Rammstein is an industrial metal band from Berlin, Germany, that has maintained a huge American following since its inception in 1994. There are six members: Richard Z. Kruspe, Oliver "Ollie" Riedel, Christoph "Doom" Schneider, Till Lindemann, Paul H. Landers, and Christian "Flake" Lorenz.
Rammstein has always been controversial, from its song topics to the elaborate live shows they've staged all over the world.
In addition to the controversy surrounding the music, the band members themselves have been the subject of numerous antics over the years. For instance, guitarist Richard Kruspe had a child with lead singer Till Lindemann's ex-wife. And one night on stage, Lindemann used a dong-shaped canon to blast foam into the crowd during a performance at Madison Square Garden.
Everyone has an opinion about the band, but not everyone knows Rammstein's full story. Check out these Rammstein facts that sound wild - even for this band.
Landers And Kruspe Kissed Onstage To Show Support For LGBTQ+ RightsVideo: YouTube
In July 2019, at a concert in Moscow, Russia, guitarists Paul Landers and Richard Kruspe shared a kiss onstage while playing their song "Ausländer." The moment was in direct protest of Russia's anti-LGBTQ+ laws, one of which was passed by Vladimir Putin in 2013.
The law condemns any materials that "[present] distorted ideas about the equal social value of traditional and non-traditional sexual relationships." Violators of the law may be taken into custody and detained, though Landers and Kruspe have not suffered any reported consequences for their show of LGBTQ+ support.
They Actually Made Themselves Bleed For The 'Rosenrot' VideoPhoto: "Rosenrot" / Rammstein
"Rosenrot" is a song about a girl who persuades a priest to attack her parents. While the concept is certainly intense, the members of Rammstein weren't satisfied with the song and wanted something a little more interesting for the video.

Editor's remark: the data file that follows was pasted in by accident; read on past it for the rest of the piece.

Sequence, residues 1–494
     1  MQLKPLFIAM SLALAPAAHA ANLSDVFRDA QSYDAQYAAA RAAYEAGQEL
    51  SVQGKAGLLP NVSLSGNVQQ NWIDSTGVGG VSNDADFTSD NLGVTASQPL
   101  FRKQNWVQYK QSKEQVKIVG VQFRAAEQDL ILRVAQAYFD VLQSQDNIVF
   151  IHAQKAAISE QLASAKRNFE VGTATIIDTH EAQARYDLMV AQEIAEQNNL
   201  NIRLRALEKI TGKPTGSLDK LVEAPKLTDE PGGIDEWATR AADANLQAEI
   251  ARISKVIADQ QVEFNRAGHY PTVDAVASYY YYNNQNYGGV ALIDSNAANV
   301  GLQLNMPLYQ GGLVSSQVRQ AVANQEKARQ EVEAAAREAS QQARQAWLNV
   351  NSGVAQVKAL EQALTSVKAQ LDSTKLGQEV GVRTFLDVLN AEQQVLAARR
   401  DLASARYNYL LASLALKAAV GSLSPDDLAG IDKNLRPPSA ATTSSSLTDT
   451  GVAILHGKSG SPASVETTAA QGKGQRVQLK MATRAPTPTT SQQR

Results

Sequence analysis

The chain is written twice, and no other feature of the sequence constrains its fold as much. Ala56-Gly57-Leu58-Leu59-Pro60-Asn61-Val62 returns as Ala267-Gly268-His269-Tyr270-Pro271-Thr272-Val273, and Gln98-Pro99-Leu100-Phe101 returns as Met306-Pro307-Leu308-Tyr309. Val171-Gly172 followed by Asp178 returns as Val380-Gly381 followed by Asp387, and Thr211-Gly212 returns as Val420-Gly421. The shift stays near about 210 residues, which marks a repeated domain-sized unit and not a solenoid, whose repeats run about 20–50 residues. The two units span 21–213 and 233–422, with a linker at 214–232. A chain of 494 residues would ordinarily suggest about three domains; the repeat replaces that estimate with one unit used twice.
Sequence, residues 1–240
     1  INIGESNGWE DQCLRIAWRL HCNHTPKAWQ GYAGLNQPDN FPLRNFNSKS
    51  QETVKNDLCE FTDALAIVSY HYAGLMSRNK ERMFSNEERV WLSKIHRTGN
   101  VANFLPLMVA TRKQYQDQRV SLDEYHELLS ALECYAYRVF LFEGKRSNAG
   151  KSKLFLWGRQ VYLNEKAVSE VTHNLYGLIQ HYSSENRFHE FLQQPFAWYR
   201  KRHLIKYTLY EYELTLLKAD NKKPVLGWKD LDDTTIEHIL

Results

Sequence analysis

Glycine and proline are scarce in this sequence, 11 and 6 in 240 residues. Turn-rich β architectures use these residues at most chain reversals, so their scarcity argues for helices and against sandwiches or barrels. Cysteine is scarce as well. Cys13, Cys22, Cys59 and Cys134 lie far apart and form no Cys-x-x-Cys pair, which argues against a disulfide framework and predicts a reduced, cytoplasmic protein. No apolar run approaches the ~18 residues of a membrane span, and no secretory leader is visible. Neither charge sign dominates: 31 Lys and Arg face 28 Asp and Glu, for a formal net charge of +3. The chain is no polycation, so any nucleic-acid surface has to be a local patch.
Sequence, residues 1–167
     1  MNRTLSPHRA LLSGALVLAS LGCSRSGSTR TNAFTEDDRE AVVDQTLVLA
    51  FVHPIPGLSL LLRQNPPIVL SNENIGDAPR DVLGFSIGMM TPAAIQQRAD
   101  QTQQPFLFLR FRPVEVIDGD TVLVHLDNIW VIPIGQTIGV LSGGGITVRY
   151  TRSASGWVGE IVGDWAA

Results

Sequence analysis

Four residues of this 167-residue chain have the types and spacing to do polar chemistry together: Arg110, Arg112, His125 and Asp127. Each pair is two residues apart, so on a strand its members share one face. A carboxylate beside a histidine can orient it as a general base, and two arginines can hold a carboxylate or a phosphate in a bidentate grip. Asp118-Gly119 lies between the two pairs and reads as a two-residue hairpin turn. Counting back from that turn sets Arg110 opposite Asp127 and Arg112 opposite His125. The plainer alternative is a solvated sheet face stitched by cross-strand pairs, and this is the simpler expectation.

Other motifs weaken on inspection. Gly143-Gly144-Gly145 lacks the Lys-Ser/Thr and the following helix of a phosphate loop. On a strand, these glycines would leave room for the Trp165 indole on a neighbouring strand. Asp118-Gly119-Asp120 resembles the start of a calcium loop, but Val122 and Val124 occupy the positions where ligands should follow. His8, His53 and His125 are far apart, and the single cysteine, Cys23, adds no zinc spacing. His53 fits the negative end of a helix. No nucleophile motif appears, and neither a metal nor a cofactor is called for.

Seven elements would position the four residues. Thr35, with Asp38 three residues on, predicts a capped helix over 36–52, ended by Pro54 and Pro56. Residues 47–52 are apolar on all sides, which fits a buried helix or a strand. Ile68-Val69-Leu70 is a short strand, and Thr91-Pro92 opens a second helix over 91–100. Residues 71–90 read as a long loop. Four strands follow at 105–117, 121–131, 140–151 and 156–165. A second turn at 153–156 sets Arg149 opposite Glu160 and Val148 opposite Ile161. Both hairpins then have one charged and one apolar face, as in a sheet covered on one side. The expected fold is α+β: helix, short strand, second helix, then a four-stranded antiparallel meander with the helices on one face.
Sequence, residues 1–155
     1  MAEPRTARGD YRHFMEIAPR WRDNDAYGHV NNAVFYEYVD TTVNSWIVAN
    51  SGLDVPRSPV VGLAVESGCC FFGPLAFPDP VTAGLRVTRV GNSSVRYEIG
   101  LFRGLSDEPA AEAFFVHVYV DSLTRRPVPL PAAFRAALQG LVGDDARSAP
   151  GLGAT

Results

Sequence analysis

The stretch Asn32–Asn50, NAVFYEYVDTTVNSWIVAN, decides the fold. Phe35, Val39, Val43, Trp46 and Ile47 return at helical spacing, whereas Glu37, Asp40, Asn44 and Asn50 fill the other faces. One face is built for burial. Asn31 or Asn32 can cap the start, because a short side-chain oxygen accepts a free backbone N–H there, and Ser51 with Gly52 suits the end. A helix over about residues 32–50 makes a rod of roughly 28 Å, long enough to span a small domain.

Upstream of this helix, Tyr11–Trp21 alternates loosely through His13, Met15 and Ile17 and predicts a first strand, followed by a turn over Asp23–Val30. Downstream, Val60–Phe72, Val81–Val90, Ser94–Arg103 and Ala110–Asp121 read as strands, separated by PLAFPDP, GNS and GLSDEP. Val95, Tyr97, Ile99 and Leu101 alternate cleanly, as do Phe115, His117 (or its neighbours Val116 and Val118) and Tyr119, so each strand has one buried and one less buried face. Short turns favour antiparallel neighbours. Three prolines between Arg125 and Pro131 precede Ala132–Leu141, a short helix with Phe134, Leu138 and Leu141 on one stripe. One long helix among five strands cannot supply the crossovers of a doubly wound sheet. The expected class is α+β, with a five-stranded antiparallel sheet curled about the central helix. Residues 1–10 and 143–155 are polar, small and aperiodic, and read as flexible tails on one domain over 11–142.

They decided to add flagellation to the mix, foregoing all special effects. According to Zoran Bihac, who directed the music video:
"We were going to get a special effects guy to show the whip wounds and the band took me aside and said, ‘Come on, we’ll drink vodka and do it ourselves.’ The blood that you see, the wounds, it’s real stuff, they all went off to this tent that we had for the shoot, drunk a liter of vodka and then they just kept on rocking and went for it, and that was it. That’s what they did, even thinking about it now, it’s incredible.”
They Were Sued By A German CannibalPhoto: Wikimedia Commons/CC 4.0
One of Rammstein's most notorious songs, "Mein Teil," is based on the true story of Armin Meiwes, a man who is in prison for cannibalism. Specifically, Meiwes dismembered and consumed the body of Bernd Juergen Brandes while the victim was still alive.
Richard Kruspe, the band's guitarist, saw this story as valuable material. With some research, he found out that Meiwes's mother had destroyed almost all of his personal relationships, and concluded that Miewes may have wanted to eat another person in order to always have them with him. "Mein Teil" was directly based on this story; so much so that the band would have used footage from the actual event, which Miewes filmed, if the video wasn't locked up in police custody.
In 2006, Miewes decided to sue, claiming that Rammstein had used his personal story without his permission. He also sued to prevent the release of Butterfly: A Grimm Love Story, a horror film with similar content.
Lindemann Faked Being On Fire During Over 20 ConcertsPhoto: Wikimedia Commons
Rammstein uses a lot of pyrotechnics in their performances, so accidentally setting band members on fire isn't exactly implausible. In fact, Till Lindemann actually did scorch his leg during one performance. After that, he started wearing fireproof clothing, but he pretended otherwise on at least 20 occasions. In an interview with Playboy he said:
"One time the fans really thought I was burning: we made up a scene like I was having an accident and my leg was burning. Flake came with a fire extinguisher, but it contained a flammable powder. I was in flame, the music ended, the lights in the room went on. I rolled on the stage and assistants came with real fire extinguishers. We did that on 20 shows, but had to stop, because fans considered it to be too much and complained in the Internet. They were really shocked."